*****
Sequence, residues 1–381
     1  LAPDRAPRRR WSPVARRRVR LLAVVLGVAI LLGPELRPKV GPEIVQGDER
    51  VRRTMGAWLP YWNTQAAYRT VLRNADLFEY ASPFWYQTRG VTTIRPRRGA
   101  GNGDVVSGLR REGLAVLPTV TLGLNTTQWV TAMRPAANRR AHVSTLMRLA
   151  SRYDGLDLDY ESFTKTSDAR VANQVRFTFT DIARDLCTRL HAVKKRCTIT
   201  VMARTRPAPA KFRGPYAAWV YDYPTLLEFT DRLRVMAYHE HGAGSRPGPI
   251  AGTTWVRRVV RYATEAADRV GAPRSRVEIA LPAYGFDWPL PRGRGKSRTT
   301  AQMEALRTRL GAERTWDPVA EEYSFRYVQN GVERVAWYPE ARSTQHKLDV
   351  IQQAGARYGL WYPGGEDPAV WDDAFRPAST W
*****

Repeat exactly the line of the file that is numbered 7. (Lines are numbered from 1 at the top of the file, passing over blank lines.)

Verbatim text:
   251  AGTTWVRRVV RYATEAADRV GAPRSRVEIA LPAYGFDWPL PRGRGKSRTT